Currency patterns in the developing world will proceed to deviate from one another for the foreseeable future. Ongoing developments in domestic politics, commodity prices, macroeconomic trends and official policymaking – in additional to unpredictable event risks – will navigate the direction of emerging market foreign exchange rates this year and next. Standardized real effective, trade-weighted exchange rates (REER) classify the Hong Kong and Singaporean dollars (HKD and SGD, respectively), Chinese yuan (CNY), Philippine peso (PHP) and Thai baht (THB) among the leading performers globally, whereas the worst performing developing market currency is still the Russian ruble (RUB), which ranks fourth lowest in performance among all exchange rates worldwide.
The current economic, political and policy environment in emerging Asia is unlikely to undergo much change in the period ahead mirrored by the persistent strength of the HKD, PHP, CNY, SGD and THB in REER terms. Forecast upticks in Singaporean, Philippine and Thai aggregate economic growth, accompanied by either stable or decelerating rates of advance in consumer prices and either persistent surpluses or steady deficits in their current accounts as a proportion of nominal GDP, should remain beneficial to the SGD, PHP and THB buttressed by steady-to-higher interest rate trends. The SGD is managed in a stabilized framework (targeted two percent policy range against a basket of currencies of the country’s major trading partners) for the purpose of maintaining domestic price stability. The legal exchange rate arrangement of both the PHP and THB is free-floating.
However, of the latter three Southeast Asian exchange rates, the THB could encounter downside volatility originating on the political front if the military junta governing Thailand disappoints voters and investors alike by bolstering its authoritarian rule evident in its failure to present a credible plan for restoring democracy by scheduling elections in the near future. Weak commodity prices will also limit upside potential for both the PHP and THB as will stable to easier monetary policies in the Philippines and Thailand, correspondingly.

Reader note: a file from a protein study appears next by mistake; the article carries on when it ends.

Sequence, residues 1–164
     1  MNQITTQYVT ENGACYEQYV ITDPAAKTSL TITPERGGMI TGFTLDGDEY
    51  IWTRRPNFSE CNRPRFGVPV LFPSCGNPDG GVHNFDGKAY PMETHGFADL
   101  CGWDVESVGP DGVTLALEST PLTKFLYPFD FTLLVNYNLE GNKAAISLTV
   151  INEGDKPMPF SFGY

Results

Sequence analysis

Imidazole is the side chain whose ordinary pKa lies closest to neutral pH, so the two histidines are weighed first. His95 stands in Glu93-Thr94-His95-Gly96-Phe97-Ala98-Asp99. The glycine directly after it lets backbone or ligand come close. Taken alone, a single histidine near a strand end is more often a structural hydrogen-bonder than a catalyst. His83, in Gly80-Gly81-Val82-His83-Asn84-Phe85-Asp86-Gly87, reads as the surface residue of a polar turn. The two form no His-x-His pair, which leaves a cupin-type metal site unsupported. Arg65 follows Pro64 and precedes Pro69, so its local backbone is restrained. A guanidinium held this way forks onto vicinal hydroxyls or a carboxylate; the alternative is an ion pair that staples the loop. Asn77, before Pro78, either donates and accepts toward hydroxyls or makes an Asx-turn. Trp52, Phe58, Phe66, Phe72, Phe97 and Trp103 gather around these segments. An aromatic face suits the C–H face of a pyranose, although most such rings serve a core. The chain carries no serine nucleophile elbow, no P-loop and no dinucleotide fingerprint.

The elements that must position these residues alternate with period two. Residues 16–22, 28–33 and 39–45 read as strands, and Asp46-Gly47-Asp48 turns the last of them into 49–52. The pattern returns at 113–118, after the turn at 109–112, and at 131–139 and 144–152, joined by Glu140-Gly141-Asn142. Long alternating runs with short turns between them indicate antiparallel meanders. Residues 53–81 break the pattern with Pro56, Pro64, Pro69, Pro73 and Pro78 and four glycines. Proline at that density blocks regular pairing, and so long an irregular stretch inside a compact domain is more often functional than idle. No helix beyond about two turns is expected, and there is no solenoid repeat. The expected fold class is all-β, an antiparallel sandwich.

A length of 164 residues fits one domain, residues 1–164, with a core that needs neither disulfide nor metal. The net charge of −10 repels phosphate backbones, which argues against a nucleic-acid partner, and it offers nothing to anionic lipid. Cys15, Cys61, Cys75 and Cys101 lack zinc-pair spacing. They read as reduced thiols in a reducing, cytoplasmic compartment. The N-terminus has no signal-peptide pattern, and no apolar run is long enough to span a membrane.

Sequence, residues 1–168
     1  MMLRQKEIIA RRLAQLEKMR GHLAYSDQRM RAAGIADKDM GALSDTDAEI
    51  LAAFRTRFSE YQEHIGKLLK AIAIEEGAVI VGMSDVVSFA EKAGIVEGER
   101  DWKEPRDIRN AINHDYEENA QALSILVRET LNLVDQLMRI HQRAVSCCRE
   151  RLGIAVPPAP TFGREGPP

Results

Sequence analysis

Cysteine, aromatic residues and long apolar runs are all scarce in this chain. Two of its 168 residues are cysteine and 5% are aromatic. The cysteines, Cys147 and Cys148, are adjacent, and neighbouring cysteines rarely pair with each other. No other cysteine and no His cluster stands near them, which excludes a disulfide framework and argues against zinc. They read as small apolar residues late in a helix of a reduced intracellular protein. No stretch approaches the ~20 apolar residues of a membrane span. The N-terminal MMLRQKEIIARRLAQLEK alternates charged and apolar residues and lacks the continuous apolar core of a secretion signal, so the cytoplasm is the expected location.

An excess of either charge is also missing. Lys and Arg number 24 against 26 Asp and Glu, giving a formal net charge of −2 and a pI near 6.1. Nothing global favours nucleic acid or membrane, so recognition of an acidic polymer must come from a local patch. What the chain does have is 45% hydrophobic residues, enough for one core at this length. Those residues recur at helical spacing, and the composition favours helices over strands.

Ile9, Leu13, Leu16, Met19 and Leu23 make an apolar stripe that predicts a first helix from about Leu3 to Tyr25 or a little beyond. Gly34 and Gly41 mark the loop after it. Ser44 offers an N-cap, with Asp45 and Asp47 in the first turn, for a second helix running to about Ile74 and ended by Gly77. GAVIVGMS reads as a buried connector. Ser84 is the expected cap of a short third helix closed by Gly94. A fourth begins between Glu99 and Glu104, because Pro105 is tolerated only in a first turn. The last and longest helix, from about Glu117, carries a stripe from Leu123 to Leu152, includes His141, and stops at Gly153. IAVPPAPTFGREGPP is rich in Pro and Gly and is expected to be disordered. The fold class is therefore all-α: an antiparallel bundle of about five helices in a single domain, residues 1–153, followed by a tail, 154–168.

Anticipated further credit accommodation by the monetary authorities in Beijing amid a receding cost of living and official plans to augment infrastructure investments to stimulate economic activity should forestall the pace of expansion in the national economy from slipping below seven percent in 2015. Yet, only modest tinkering by the PBoC, at the instruction of the State Administration of Foreign Exchange (SAFE), of the currency’s two percent fluctuation band, in the context of the country’s de jure managed floating foreign exchange regime, are expected during the course of the year regardless of the tendencies in short-to-intermediate term interest rates.
Global Markets Intelligence (GMI) expects no alterations anytime soon to the currency board, exchange rate regime – adopted almost thirty-two years ago for the HKD – that requires the Hong Kong Monetary Authority (HKMA) to underwrite the monetary base fully with the US dollar (USD) and match variations in the Special Administrative Region’s (SAR) high-powered money stock entirely with corresponding changes in the USD at a fixed conversion rate of HKD7.80 per USD.
Fundamentally, the economy appears on course to pick up speed this year and next as inflation slows to 3.5 percent during the same time frame accompanied by only a modest rise in interest rates at the front- and back-ends of the yield spectrum. The external payments surplus is likely to increase to 2.4 percent of nominal GDP by 2016 even though the budget overage should decline to 0.8 percent of money GDP. Even so, Hong Kong’s formidable financial resources (that is, abundant foreign exchange reserves) would be employed to defend the currency peg against any selling pressure that may arise unexpectedly to the HKD’s disadvantage.